Determinants of Cx43 Channel Gating and Permeation: The Amino Terminus.
ABSTRACT: Separate connexin domains partake in proposed gating mechanisms of gap junction channels. The amino-terminus (NT) domains, which contribute to voltage sensing, may line the channel's cytoplasmic-facing funnel surface, stabilize the channel's overall structure through interactions with the transmembrane domains and each other, and integrate to form a compound particle to gate the channel closed. Interactions of the carboxyl-terminus (CT) and cytoplasmic loop (CL) domains underlie voltage- and low pH-triggered channel closure. To elucidate potential cooperation of these gating mechanisms, we replaced the Cx43NT with the Cx37NT (chimera Cx43(?)NT37), leaving the remainder of the Cx43 sequence, including the CT and CL, unchanged. Compared to wild-type Cx43 (Cx43WT), Cx43(?)NT37 junctions exhibited several functional alterations: extreme resistance to halothane- and acidification-induced uncoupling, absence of voltage-dependent fast inactivation, longer channel open times, larger unitary channel conductances, low junctional dye permeability/permselectivity, and an overall cation selectivity more typical of Cx37WT than Cx43WT junctions. Together, these results suggest a cohesive model of channel function wherein: 1) channel conductance and size selectivity are largely determined by pore diameter, whereas charge selectivity results from the NT domains, and 2) transition between fully open and (multiple) closed states involves global changes in structure of the pore-forming domains transduced by interactions of the pore-forming domains with either the NT, CT, or both, with the NT domains forming the gate of the completely closed channel.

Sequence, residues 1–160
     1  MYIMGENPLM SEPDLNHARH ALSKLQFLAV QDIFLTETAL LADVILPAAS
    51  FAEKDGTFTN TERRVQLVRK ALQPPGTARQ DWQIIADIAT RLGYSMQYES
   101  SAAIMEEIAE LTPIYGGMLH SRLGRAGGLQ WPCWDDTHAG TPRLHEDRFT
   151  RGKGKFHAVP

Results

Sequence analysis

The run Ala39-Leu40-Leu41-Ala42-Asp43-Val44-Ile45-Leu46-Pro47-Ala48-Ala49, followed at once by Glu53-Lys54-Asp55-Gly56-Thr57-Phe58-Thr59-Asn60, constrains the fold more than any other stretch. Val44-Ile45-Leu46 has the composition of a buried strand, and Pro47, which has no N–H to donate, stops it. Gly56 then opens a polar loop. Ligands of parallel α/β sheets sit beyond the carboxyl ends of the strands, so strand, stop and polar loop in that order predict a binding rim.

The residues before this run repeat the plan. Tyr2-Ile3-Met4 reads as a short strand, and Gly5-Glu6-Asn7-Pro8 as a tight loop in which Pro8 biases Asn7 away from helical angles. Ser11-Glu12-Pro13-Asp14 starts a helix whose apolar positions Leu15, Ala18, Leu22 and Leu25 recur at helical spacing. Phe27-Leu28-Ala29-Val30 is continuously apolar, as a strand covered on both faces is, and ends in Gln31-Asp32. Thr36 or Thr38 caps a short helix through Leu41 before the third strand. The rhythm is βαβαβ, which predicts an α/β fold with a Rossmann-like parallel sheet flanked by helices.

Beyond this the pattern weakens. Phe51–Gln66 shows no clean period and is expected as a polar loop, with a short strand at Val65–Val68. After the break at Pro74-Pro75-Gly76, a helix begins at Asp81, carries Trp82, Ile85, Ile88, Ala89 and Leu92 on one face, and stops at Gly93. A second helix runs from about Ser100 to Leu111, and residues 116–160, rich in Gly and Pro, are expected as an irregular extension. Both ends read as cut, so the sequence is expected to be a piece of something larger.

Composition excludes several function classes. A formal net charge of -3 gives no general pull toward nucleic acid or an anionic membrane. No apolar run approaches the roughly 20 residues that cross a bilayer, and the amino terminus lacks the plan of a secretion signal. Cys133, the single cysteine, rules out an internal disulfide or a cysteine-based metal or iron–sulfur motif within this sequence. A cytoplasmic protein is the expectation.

Project description:Large conductance, Ca(2+)- and voltage-activated K(+) (BK) channels are exquisitely regulated to suit their diverse roles in a large variety of physiological processes. BK channels are composed of pore-forming alpha subunits and a family of tissue-specific accessory beta subunits. The smooth muscle-specific beta1 subunit has an essential role in regulating smooth muscle contraction and modulates BK channel steady-state open probability and gating kinetics. Effects of beta1 on channel's gating energetics are not completely understood. One of the difficulties is that it has not yet been possible to measure the effects of beta1 on channel's intrinsic closed-to-open transition (in the absence of voltage sensor activation and Ca(2+) binding) due to the very low open probability in the presence of beta1. In this study, we used a mutation of the alpha subunit (F315Y) that increases channel openings by greater than four orders of magnitude to directly compare channels' intrinsic open probabilities in the presence and absence of the beta1 subunit. Effects of beta1 on steady-state open probabilities of both wild-type alpha and the F315Y mutation were analyzed using the dual allosteric HA model. We found that mouse beta1 has two major effects on channel's gating energetics. beta1 reduces the intrinsic closed-to-open equilibrium that underlies the inhibition of BK channel opening seen in submicromolar Ca(2+). Further, P(O) measurements at limiting slope allow us to infer that beta1 shifts open channel voltage sensor activation to negative membrane potentials, which contributes to enhanced channel opening seen at micromolar Ca(2+) concentrations. Using the F315Y alpha subunit with deletion mutants of beta1, we also demonstrate that the small N- and C-terminal intracellular domains of beta1 play important roles in altering channel's intrinsic opening and voltage sensor activation. In summary, these results demonstrate that beta1 has distinct effects on BK channel intrinsic gating and voltage sensor activation that can be functionally uncoupled by mutations in the intracellular domains.